Many young people with a refugee background are under enormous psychological pressure in Switzerland. In addition to the uncertainty of whether they will be allowed to stay in Switzerland, the culture shock and the language barrier, traumatic experiences put a great strain on these young people. With the project "MePower" terre des hommes switzerland fills a gap and offers psycho-social support for young migrants.
In the "MePower" project, young people learn about their strengths and possibilities for action and are given the opportunity to network. terre des hommes switzerland has many years of experience in working with traumatized young people through its project work in southern Africa and Latin America. In our projects, we work successfully with the method of the solution-oriented approach (Solution Focused Approach, SFA). Instead of focusing on the problems and weaknesses of those affected, SFA focuses on their strengths and resources. They learn to recognize and develop these so that they can become active on their own and give their lives a positive turn.
As part of the project, a monthly regulars' table, several workshops and a summer camp with young refugees take place throughout the year. This year's camp from August 7-9 was held under the theme "Home", which the young people had chosen themselves beforehand.
Not all wishes can be fulfilled
The event kicked off with an introduction to the topic of home. The young participants discussed their understanding of home in the group and shared their different perspectives on it. In small teams, the young people also presented the concept of home as a "statue". Good communication among the participants was important. This was a challenge that the young people mastered well, despite their different native languages, experiences and perspectives. Statements on the topic of "home" included "Home is a place without borders, where I feel free," "You can't forget home," and "Home is a place where you can put down roots. Mazlum, a young man from Kurdistan, had a similar view. He had found a second "home" after about 8 years in Switzerland. But not all the challenges that one has as a young person when one comes to Switzerland can be overcome. Nor can one always realize one's dreams and desires, he said. "I would like to work with animals, I love animals and nature. In my village, I used to work as a veterinary assistant. I don't know if I will be able to continue living this dream here in Switzerland at some point. But I am happy and free, that is important".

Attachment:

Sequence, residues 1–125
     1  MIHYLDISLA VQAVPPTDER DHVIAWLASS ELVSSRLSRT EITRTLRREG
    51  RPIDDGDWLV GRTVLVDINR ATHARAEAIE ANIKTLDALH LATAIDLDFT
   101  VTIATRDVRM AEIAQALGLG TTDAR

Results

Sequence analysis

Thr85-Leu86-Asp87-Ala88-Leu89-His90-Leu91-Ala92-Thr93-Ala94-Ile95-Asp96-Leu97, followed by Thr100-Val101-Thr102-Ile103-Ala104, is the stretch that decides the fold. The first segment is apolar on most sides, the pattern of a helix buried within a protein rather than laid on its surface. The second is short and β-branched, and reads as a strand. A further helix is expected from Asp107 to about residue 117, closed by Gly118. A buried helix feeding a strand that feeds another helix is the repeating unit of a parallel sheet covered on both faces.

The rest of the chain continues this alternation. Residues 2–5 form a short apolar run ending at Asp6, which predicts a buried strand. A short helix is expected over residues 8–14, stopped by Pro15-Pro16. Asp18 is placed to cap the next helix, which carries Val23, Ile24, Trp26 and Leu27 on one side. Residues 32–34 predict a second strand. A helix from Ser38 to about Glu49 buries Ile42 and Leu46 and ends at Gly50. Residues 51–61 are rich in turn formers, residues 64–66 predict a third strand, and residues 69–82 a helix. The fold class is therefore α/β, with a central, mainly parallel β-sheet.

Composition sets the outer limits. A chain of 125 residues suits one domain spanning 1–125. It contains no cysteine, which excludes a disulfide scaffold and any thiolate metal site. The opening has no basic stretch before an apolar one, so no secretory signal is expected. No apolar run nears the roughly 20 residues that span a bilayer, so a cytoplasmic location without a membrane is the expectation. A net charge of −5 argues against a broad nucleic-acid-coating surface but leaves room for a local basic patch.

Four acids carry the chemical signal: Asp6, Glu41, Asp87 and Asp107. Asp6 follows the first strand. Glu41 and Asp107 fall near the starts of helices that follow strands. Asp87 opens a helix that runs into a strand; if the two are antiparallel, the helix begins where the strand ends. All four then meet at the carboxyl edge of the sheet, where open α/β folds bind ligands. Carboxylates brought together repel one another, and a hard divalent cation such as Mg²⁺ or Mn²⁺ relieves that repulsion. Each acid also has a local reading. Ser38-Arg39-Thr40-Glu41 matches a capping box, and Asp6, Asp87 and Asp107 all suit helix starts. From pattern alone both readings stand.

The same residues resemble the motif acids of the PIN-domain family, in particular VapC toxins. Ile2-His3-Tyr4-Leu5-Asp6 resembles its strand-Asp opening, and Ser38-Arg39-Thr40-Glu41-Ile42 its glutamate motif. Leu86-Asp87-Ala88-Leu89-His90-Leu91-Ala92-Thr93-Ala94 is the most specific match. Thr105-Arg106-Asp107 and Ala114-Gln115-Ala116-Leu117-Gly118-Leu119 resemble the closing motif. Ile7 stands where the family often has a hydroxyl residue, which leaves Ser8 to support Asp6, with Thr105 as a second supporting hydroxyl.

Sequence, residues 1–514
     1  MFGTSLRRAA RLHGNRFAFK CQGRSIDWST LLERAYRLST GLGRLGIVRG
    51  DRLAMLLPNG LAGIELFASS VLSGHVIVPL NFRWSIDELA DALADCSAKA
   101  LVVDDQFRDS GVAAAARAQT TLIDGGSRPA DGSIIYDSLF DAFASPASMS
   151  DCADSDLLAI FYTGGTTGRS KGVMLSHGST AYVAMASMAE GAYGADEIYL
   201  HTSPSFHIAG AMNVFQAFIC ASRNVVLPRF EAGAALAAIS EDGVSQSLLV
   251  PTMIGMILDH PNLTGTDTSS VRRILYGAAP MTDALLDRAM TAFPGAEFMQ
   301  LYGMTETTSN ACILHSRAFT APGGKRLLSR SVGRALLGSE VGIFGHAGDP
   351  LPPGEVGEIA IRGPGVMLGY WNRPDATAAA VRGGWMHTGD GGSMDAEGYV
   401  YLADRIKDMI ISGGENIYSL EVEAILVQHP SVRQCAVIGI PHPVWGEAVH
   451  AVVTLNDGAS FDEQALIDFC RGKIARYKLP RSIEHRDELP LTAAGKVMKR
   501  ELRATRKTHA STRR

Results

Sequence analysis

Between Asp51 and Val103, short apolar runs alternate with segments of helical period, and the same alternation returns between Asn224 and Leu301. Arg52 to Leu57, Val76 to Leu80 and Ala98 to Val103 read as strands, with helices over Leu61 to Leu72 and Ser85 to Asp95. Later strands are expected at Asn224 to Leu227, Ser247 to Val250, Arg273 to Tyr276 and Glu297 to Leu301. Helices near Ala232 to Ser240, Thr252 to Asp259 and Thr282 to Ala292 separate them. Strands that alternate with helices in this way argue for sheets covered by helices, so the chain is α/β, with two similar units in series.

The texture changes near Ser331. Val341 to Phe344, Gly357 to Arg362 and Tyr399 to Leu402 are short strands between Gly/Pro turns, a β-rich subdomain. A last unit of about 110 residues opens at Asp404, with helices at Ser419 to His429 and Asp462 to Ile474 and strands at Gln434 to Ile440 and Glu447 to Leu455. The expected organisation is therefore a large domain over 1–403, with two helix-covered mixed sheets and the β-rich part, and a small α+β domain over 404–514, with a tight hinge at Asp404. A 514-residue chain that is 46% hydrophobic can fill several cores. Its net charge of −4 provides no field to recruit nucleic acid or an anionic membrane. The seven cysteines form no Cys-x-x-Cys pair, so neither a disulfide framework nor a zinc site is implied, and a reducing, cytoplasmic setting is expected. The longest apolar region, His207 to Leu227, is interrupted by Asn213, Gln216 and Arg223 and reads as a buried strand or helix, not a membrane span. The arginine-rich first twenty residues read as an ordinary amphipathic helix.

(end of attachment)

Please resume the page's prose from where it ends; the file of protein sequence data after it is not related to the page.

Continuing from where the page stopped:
Own place of power gives support and confidence
On the second day, the participants created so-called body maps in an inspiring SFA workshop, with which they could creatively express their personal feelings, thoughts and memories in the context of home. In this context, the young people were given the task of going into themselves and finding their own place of strength and drawing it on the body map. According to art therapist Irene Bush, everyone has their own personal place of strength that can give them support and confidence in difficult situations. She was present at the camp as a workshop leader, and she established the psychosocial support for young people at terre des hommes schweiz many years ago. This approach to strengthening identity and community not only fostered collaboration, but also provided space for each person's different perspectives and stories. During the process, participants* had the opportunity to share their own experiences and relationships with home.
Another highlight of the camp was the joint conception of a city map by young migrants for young migrants in Basel. With this, the young people want to help other young people find their way around the city more quickly and point out places where they like to spend time. The body maps and the designed city map, which will be further developed in the coming months, will not only be physical artifacts but also symbolic representations of the individual and collective journeys undertaken by the young people with a refugee background.